May 2018

Top Tips for a Safe Stay at the Hospital

Published in Tips on May 17, 2018

Going to hospital can be a worrying time for everyone but knowing what you need and what to do beforehand and during can help you feel more in control of your visit and ensure you stay safe whilst getting the best care. These tips will help you with your next hospital stay, whether it is planned or unplanned to make sure you won’t have another one soon.

Get Your Medical Information Ready

Even if you aren’t expecting a hospital stay in the near future, having your medical information ready can help you get the things you need sooner and could actually save your life. In a similar way to how pregnant women may pack clothes and nappies for their due date, instead of these your kit should hold relevant personal and medical information. This can be what medicines you take, what you are allergic to, your preferences in terms of your care, your next of kin details, and the names of any providers from which you get healthcare.

Choose a Decision-Maker

This is something you should choose whether you are ill or not. This is a specified person who can make decisions for you when you are in a coma, too sick or too confused to make your own decisions. This can be a spouse, parent or child who knows you well enough to know what you would want. You should have a legal document supporting this such as a will and this should be included in your medical information kit. Make copies of any legal documentation as the original should always be kept with you.

Bring an Advocate

An advocate is someone who has your best interests at heart and will ensure your hospital stay is safe when you cannot. For instance, if you are having surgery, you may be asleep when you come back, and an advocate can ensure you get the best care when you aren’t aware. They can be there when you are talking to nurses or doctors to make sure you are getting the treatment you deserve. 

Always Ask Questions

Healthcare professionals must ensure that they gain full understanding consent for anything they do and this involves answering any questions you may have. A healthcare professional shouldn’t be carrying out any process until they believe a patient understands fully what is happening and why. Ask about anything you don’t understand. You have a right to know about your medication and treatment.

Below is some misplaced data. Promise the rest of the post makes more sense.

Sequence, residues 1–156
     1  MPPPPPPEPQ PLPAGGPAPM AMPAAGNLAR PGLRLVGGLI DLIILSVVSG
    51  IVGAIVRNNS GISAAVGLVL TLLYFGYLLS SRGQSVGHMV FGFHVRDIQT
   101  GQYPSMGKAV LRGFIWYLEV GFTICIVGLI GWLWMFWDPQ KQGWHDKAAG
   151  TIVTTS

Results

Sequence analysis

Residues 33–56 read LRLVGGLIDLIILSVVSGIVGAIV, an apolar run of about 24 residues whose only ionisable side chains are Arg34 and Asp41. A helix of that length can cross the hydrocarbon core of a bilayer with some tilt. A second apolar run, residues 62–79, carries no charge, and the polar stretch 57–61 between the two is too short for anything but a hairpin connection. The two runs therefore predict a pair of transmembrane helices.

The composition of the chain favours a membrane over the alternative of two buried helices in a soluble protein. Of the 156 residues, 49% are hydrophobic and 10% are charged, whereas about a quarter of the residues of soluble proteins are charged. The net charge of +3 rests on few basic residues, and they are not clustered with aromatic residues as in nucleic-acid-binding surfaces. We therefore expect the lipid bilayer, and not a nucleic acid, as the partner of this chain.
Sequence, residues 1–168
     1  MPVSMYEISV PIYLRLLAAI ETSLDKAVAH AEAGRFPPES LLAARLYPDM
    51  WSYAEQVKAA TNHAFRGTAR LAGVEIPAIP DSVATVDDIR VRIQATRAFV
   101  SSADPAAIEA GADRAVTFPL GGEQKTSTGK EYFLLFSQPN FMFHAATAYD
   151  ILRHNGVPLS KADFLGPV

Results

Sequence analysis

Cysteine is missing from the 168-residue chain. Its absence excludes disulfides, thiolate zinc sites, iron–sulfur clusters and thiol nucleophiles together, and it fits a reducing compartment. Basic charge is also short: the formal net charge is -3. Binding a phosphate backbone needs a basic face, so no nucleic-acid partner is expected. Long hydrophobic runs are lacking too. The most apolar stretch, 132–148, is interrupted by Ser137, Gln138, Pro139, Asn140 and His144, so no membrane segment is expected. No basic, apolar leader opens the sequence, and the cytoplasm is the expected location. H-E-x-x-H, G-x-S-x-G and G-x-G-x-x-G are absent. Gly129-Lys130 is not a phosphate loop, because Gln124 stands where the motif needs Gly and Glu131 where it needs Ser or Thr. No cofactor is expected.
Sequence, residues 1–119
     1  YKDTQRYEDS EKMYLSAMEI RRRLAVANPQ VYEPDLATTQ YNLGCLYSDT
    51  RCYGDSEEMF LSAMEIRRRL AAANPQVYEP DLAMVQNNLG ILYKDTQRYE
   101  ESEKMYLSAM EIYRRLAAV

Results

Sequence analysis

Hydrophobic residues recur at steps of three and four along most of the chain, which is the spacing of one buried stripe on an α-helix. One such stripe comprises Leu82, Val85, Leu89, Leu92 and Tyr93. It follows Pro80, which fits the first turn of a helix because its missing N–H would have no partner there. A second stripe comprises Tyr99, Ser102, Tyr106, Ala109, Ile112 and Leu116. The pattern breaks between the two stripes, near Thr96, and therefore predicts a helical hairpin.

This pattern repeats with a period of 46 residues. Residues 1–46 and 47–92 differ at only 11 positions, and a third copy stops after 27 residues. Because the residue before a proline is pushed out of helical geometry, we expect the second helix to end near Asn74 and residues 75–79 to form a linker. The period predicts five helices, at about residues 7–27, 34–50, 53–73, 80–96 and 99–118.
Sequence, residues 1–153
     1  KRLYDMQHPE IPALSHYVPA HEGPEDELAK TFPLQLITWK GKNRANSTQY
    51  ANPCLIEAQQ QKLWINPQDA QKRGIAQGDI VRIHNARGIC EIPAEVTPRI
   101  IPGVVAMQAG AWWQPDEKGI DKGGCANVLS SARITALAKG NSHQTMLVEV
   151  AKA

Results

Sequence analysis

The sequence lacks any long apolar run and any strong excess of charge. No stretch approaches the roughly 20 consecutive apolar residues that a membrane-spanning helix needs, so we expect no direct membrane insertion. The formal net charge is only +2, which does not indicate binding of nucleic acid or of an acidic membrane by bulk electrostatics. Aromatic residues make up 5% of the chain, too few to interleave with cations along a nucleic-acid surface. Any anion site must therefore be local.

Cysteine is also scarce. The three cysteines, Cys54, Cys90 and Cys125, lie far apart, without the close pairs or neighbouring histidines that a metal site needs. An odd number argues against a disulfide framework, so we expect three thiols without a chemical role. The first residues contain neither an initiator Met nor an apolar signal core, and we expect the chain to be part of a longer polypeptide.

For a Speedy Recovery, Keep Moving

Hospital stays can leave people feeling weak and losing strength, especially in the older generation, as there is a lack of movement when you are staying in a hospital bed for most of the day. Get moving as much as you can, even if it is just to the toilet and back. If there is a medical reason as to why you cannot, then do not injure yourself trying to stay active. Walk around the ward or walk outside for some fresh air if you can, or even change positions to a chair. Every day you spend in bed accumulates to another four or five days moving recovery time once discharged.

Watch Out for Infections

The longer you stay in hospital, the more at risk you are from a hospital based infection. Effective hand-washing is the key to staying safe from hospital infections. Anyone coming to visit should wash their hands with soap and water and the hand sanitizers that will be located throughout the hospital and wards. Ensure you wash your hands when using the toilet. Catheters and IV’s can be a higher risk for infection so check if they are still necessary or if you can have medication orally and go to the toilet yourself. 

Make Sure You Understand Your Discharge Plan

When being discharged from the hospital, you or your advocate should ask about your discharge plan. This will tell you everything you need to know about further appointments or tests, or if anyone will come to visit you at home. Request a discharge summary to give to your main care provider. This summary may include a list of symptoms to look out for and who to contact in the first instance of these symptoms occurring.

Following these simple steps can help ensure your stay at hospital is safe and short.